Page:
for that quote and also “There is a rough one-to-one fiscal balance between low-skill immigrant families and upper-middle-class families. It takes the entire net tax payments (taxes paid minus benefits received) of one college-educated family to pay for the net benefits received by one low-skill immigrant family.” That was in 2007. Now that housing is so much more expensive, I wonder if it is actually two college-educated families that would be necessary to fund one immigrant family. A lot of college-educated families aren’t able to fund decent housing for themselves circa 2020.)

      Friedman said that low-skill migrants would make existing citizens of a welfare state individually poorer. He did not say that low-skill migrants into welfare states were bad or irrational people. (Friedman was sort of wrong at least as far as data from 10ish years ago is concerned. Up to that point, low-skill migration in the U.S. had mostly shifted about $500 billion per year from working class Americans to rich Americans. See https://www.politico.com/magazine/story/2016/09/trump-clinton-immigration-economy-unemployment-jobs-214216 )

    • The chain part of the migration is Melania’s parents, Viktor and Amalija.

      Her expenses as first lady all come form the public coffers, eg “Government spending data show at least six separate Toronto hotel charges ranging from just under $12,000 to nearly $49,000 for a total of roughly $174,000. She did not spend the night.”

      Sounds like a welfare queen!

    • baz: I didn’t realize that Melania’s parents were among us!


      talks about this. It says that the dad is in his 70s and belonged to the Communist Party. He is qualified to take Bernie Sanders’s place in the Senate after Bernie is elevated to the White House!

      Mostly, though, Melania’s parents are a good example of how existing Americans could be a lot better off under an Econ 101 system in which employers and others who want immigrants pay the Treasury for them. If Facebook wants to import someone with unusual skills, it can pay the Treasury whatever the going rate is for expanding the U.S. population (in https://philip.greenspun.com/blog/2017/04/12/how-much-would-an-immigrant-have-to-earn-to-defray-the-cost-of-added-infrastructure/ I figured it would be a minimum of at least $1 million per new American to provide for infrastructure). To bring in her parents, Melania and her husband would have had to pay the Treasury, thus lowering the debt burden for the native-born.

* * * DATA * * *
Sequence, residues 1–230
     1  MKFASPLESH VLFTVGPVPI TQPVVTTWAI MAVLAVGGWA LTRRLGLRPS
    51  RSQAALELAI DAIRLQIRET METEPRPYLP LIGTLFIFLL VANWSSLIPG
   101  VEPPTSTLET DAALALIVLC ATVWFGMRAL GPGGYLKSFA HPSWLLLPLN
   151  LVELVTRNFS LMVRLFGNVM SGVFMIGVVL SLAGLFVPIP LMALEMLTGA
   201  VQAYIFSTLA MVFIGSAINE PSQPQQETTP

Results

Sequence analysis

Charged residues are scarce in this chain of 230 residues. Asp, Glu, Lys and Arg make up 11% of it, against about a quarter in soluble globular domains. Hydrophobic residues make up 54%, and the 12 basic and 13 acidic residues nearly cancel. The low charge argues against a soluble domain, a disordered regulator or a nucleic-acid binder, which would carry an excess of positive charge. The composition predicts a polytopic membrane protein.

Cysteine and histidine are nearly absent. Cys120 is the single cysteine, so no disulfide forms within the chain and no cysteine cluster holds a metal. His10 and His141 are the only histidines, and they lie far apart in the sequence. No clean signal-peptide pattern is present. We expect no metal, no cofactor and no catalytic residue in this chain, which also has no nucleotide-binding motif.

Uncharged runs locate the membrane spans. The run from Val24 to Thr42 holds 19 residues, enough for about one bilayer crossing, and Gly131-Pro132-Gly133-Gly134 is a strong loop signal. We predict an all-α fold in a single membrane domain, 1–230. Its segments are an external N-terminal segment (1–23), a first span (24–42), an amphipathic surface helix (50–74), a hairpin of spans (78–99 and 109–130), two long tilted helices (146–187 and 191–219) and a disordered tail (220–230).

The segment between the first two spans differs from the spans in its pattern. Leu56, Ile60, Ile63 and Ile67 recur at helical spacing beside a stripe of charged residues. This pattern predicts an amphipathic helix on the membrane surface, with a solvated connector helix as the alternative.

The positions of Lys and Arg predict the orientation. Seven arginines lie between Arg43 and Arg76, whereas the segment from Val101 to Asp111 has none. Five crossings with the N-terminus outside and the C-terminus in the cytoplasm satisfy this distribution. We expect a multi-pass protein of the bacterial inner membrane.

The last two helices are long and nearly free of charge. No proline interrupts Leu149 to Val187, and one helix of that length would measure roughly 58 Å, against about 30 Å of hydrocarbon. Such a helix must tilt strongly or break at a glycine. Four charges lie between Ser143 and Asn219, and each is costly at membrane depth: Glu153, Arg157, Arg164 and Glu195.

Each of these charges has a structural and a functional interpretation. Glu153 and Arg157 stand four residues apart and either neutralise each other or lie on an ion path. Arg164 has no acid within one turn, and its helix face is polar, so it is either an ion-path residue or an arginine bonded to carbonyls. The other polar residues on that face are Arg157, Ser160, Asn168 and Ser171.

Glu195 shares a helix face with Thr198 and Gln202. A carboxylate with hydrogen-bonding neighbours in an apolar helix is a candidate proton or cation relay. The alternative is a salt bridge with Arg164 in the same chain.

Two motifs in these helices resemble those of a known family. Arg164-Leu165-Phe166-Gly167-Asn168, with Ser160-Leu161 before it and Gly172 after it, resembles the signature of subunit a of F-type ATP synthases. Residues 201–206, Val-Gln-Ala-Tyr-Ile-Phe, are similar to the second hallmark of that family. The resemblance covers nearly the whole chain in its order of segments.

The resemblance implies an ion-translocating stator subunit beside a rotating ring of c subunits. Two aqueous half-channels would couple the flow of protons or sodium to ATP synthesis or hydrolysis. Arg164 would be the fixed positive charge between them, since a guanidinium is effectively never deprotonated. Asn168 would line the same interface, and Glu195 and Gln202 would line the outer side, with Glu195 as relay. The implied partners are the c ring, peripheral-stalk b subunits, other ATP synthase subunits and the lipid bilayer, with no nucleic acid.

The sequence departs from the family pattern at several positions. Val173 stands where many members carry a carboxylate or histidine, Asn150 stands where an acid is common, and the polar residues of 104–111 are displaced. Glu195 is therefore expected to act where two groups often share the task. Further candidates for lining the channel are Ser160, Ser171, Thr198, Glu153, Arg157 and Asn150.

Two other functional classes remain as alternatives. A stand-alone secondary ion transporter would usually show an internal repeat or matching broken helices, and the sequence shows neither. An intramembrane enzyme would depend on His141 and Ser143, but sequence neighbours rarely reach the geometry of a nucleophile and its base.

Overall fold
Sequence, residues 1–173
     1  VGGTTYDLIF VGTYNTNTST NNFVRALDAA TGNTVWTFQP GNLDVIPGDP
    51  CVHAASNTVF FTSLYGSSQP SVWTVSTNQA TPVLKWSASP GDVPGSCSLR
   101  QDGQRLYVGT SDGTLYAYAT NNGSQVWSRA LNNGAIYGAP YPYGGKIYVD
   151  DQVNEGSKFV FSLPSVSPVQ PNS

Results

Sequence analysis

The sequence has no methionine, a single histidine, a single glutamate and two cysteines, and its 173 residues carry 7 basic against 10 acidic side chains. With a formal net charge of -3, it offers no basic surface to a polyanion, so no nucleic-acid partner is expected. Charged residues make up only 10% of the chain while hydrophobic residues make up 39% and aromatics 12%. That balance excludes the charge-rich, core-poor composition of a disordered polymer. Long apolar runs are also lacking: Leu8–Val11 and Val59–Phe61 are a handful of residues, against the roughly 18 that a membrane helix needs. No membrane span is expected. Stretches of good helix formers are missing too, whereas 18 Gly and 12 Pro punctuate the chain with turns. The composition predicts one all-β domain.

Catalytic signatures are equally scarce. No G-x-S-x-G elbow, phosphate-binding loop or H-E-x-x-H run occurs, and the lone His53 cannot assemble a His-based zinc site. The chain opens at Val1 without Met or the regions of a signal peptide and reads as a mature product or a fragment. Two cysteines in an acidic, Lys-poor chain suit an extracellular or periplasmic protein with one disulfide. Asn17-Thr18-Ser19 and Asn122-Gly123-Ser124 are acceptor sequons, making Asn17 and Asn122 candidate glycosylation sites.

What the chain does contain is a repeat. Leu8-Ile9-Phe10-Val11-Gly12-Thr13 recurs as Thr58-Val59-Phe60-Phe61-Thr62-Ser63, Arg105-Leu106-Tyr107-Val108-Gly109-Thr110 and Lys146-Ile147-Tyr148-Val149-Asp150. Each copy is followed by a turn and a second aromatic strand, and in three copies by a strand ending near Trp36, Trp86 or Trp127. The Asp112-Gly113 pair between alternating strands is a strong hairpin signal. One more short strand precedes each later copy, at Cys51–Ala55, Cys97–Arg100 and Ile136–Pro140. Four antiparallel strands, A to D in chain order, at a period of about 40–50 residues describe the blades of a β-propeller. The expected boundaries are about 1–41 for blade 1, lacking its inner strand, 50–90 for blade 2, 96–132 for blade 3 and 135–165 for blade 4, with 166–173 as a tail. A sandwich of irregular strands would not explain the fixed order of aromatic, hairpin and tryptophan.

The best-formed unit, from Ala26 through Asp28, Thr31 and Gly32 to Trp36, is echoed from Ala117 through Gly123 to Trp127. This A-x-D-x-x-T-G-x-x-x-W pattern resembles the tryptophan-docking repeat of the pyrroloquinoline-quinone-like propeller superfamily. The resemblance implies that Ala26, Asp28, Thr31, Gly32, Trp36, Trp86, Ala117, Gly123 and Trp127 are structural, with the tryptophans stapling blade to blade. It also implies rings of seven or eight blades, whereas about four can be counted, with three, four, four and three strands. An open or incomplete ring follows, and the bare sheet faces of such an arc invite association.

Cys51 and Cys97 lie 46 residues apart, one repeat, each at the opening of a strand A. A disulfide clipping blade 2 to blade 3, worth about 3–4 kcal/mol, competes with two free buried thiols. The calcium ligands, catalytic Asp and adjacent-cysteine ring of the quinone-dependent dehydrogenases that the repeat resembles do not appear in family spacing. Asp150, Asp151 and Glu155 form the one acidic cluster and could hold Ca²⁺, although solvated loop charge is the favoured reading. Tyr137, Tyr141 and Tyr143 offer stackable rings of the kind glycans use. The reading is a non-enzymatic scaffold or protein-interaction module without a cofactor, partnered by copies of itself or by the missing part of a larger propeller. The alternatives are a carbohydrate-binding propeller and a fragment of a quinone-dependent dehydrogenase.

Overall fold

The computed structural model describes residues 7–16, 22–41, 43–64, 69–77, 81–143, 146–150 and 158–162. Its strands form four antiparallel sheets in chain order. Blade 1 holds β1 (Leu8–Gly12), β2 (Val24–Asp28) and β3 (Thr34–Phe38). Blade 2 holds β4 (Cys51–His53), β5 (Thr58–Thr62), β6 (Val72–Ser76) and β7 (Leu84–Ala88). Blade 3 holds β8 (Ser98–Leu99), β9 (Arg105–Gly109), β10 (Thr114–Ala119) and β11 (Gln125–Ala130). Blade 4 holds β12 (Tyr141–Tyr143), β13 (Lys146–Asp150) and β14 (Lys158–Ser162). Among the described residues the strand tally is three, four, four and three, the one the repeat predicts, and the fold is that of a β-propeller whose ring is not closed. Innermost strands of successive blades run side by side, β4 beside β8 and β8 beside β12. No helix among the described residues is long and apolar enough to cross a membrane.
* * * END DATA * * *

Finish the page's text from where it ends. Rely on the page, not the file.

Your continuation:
4. Phil, I thought your position was that migration adds to the economy. Didn’t you suggest governments should charter a380s and send them to poor countries to pick up immigrants? Seems like your position is changing and now you feel that migrants might actually hurt the economy. Which is it? Toucan is very confused. One thing Toucan knows is if you are against immigration you are a default racist!

    • Toucan Sam: You raise some great points. Certainly I would not doubt the NYT or our most righteous politicians regarding the positive correlation between more low-skill immigration and greater per capita wealth. However, the U.S. is already very wealthy and I am committed to reducing global inequality. Thus, logic compels me to conclude that the world would be a better place if we let the Airbus A380s refuel here and continue onward to the countries with a lower rank in https://www.cia.gov/library/publications/the-world-factbook/fields/211rank.html